Moreover, between 1968 and 1978, more than thirty different sets of criteria for "brain death" were adopted in the United States and elsewhere. Thus, if a hospital has a potential donor, the doctors at the hospital can choose which criteria for determining brain death will best suit its current need.

Dead or "Brain Dead?" What's the Difference?

If you were to compare a dead body with someone declared "brain dead," you would find that the dead body is pale, cold, stiff, and unresponsive. There is no heartbeat, no body functions, no breathing, and no movement. Someone declared "brain dead" is warm and flexible. There is a beating heart, normal color, temperature, and blood pressure. Most functions continue, including digestion, excretion, and maintenance of fluid balance with normal urine output. There will often be response to surgical incisions. In a long enough period of observation, someone declared "brain dead" will show healing and growth, and will go through puberty if they are a child.

There have been numerous instances of young pregnant women with head injuries declared "brain dead," yet with careful medical management they are able to carry the child to birth. In the longest recorded instance, the child was carried for 107 days.

In other cases, during the excision of vital organs, doctors find they need to use anesthesia and other drugs to control muscle spasms, blood pressure and heart rate changes, and other bodily protective mechanisms common in living patients.

Hospitals allow "brain-dead" patients to occupy a bed; insurance companies cover expenses as they do for other living patients. If the patients' organs are suitable for transplantation, any transfer of the patients to another hospital is covered by insurance. If they are used for teaching purposes or vital organ donation, they (the "brain-dead" patients) receive life support procedures, blood transfusions, antibiotics and other medications, or anything else necessary to maintain their organs in a healthy state. Insurance also covers all this.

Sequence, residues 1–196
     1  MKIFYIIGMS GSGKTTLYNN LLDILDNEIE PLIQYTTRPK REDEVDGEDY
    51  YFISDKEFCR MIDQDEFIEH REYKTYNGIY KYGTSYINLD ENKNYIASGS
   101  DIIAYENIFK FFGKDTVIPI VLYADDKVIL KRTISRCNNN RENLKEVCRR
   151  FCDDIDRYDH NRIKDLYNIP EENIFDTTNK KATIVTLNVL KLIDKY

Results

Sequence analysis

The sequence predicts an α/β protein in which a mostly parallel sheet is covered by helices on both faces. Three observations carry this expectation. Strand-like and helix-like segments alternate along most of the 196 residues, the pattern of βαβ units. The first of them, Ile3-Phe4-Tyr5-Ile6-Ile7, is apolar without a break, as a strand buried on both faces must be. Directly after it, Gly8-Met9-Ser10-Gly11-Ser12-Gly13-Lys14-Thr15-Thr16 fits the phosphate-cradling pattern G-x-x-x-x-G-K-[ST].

Interestingly, in cases of suspected homicide, attorneys hesitate to file charges until the patient is truly dead, even if the patient has been declared "brain dead." But in the meantime, if someone else would act to "finish the job," this "new aggressor" could possibly be held or prosecuted for murder, since the patient is alive, but legally "brain dead." Other discussions with legal experts suggest that since the victim is legally dead, the case for murder by the second assailant would not be tenable since the victim is already legally dead. However, the second assailant could be liable for intent to mutilate the "corpse," which in some jurisdictions is the property of the victim's family.